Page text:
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Cleveland was the center of the sports world, for one night

The World Series began a couple hundred feet away from the first championship ceremony in Cleveland sports history. This is kind of a big deal.

MLB: ALCS-Toronto Blue Jays at Cleveland Indians Ken Blaze-USA TODAY Sports

CLEVELAND — The Cavaliers and Indians play in the same footprint in Cleveland, the same city block. This was an uninteresting factlet for 20 years or so. The two teams shared a general geographic area because it was a marriage of convenience. A bunch of rich people decided that was where all the sports should go, so that’s where they put all the sports.

On Tuesday night, though, Progressive Field and Quicken Loans Arena were so close together because that’s where the Tesla coil of the universe was shooting its current. The entire sports-loving world was focused on a few acres of Cleveland for the first time in history. The Cavaliers were getting their championship rings a couple hundred feet away from where the Indians were trying to win their first World Series in 68 years. It’s a coincidence that isn’t as easy to wave off as you think.

The basketball arena is visible down the third-base line of the ballpark, with a large, open area behind the left-field foul pole providing a clear view. Between the two structures is a small plaza, and before the first pitch of Game 1, it was absolutely teeming with fans. There were Cavs jerseys and Indians jerseys and more jerseys and hats and jackets and jerseys, all mixing together like different dyed cells in a laboratory experiment.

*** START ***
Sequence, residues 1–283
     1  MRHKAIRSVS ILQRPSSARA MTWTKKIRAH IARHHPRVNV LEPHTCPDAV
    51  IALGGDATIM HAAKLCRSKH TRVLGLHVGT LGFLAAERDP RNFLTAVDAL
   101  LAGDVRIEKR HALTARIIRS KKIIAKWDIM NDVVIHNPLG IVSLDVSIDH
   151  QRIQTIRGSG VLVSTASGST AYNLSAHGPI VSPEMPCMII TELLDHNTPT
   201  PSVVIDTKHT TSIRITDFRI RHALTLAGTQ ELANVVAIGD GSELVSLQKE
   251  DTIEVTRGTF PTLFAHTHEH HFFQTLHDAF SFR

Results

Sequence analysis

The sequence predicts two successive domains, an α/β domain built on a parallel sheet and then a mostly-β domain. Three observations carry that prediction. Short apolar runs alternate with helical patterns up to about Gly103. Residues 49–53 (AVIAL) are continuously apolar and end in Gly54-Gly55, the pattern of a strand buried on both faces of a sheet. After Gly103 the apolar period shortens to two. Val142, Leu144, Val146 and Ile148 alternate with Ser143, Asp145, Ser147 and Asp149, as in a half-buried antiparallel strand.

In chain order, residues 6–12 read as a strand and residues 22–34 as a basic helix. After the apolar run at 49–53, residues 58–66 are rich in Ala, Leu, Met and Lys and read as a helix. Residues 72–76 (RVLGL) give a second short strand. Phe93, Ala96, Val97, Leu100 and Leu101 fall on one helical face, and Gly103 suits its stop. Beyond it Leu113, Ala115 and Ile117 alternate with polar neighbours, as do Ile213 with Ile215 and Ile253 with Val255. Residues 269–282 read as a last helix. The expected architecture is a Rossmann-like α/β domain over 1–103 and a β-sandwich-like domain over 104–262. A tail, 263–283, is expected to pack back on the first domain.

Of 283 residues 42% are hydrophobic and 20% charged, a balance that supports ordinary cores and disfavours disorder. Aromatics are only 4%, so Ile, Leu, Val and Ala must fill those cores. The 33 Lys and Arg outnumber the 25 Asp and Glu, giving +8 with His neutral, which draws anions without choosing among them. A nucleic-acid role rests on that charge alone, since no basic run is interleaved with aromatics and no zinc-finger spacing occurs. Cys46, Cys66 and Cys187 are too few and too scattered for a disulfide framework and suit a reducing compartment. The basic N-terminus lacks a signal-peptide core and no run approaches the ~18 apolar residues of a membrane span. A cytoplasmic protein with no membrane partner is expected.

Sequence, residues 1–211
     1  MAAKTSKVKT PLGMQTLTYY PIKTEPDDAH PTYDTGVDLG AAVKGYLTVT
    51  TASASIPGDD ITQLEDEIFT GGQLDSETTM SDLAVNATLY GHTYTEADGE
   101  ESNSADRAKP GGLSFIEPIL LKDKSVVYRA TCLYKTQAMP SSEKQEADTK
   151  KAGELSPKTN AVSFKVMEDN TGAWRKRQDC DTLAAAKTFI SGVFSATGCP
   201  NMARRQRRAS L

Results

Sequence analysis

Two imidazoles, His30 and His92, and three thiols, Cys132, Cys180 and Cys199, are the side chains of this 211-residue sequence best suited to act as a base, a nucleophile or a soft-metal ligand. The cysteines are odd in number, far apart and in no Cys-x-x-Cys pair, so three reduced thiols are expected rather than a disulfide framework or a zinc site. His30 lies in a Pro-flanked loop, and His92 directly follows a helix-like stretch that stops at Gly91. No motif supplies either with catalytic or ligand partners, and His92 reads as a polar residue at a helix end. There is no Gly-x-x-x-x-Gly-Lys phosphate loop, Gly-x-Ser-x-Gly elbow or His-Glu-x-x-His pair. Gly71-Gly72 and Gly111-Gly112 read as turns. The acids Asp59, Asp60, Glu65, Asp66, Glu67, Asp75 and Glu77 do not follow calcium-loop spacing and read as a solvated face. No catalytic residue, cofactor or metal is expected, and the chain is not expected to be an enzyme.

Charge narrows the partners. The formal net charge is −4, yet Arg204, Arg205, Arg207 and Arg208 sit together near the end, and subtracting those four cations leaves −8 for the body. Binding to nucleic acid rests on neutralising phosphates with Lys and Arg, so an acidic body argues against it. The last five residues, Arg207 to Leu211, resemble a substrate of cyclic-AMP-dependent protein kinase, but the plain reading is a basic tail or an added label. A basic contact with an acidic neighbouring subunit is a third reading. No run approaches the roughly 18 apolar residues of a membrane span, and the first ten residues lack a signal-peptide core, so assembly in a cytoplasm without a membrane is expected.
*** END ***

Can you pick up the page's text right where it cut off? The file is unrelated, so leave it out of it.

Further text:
One set of fans was there because it did happen.

The other set of fans was there because it could happen.

They made for a nice mix. It almost makes you forget that about four months ago, they were all pretty sure it would never happen.

* * *

You’re supposed to ignore other sports in the city when evaluating the pain of a specific franchise. Most fans didn’t look at the Pirates’ decades of disappointment and see the Steelers’ championships in disguise. New York fans can’t claim the Knicks or Jets as proof that a higher power hates New York sports. And in this World Series, no one really cares that the Blackhawks just won a Stanley Cup. It’s all separate, all unrelated.

Except when it comes to Cleveland. When the Cavaliers won a championship, the city officially stopped being the saddest sports town in North America. We looked for the best possible replacement. Opened it up to a vote and everything. The winner of the poll was Buffalo, a two-sport town that made up for comprehensive sadness with concentrated sadness, but I’m not convinced. It’s not a great replacement.